Hawaii County to receive $61M to repair roads damaged by lava

HILO (AP) — Hawaii County is expected to receive $61 million in federal funding to repair roads damaged by lava in the Kilauea eruption, but a restoration timeline has not been established.

The Federal Emergency Management Agency distribution announced last week will be paid to the county Department of Public Works, The Hawaii Tribune-Herald reported Sunday.

The Kilauea eruption that began in May 2018 destroyed more than 700 homes and buried about 13 miles of public roads.

The funds will be used to restore six roads in the Big Island’s Puna region, officials said.

The money may also be used to repair other roads depending on the outcome of discussions between the county, FEMA and members of the Puna community.

The funds will not be distributed immediately but FEMA’s announcement is an obligation to reimburse the county up to $61 million for future projects.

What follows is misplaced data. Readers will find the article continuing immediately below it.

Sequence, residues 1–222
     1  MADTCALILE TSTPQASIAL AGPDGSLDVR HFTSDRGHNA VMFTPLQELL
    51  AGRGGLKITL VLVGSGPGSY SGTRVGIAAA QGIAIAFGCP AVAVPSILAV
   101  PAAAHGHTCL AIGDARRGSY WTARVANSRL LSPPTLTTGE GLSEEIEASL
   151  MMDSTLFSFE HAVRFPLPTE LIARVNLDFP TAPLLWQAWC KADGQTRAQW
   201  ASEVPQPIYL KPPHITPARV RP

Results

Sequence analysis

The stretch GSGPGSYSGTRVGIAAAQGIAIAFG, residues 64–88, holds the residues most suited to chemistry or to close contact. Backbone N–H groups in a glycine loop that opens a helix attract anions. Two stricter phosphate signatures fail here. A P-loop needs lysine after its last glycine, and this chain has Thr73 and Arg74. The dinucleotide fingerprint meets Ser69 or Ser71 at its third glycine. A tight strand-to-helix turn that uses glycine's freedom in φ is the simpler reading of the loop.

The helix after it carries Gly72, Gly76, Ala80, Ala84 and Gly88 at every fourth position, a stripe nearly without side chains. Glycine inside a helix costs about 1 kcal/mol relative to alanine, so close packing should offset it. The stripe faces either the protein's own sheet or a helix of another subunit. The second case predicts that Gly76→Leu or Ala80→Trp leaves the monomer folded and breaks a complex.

The county is required to match 25 percent of the federal funding. The percentage is covered by no-interest loans approved by the state Legislature.

“The obligation of these funds is an important step in the recovery process, and the county is grateful for these resources that Hawaii’s congressional delegation supported us in securing,” Disaster Recovery Officer Doug Le said in a statement.

“Infrastructure remains a priority for members of the community, and we remain committed to ensuring that these funds are used to help Puna,” Le said.

Among the public roads buried in the eruption, only Highway 132 has been fully restored. The project’s funding was covered by the Federal Highway Administration.

The next priority of the Hawaii County Recovery Task Force is restoration of Pohoiki Road. A project timeline has not yet been finalized.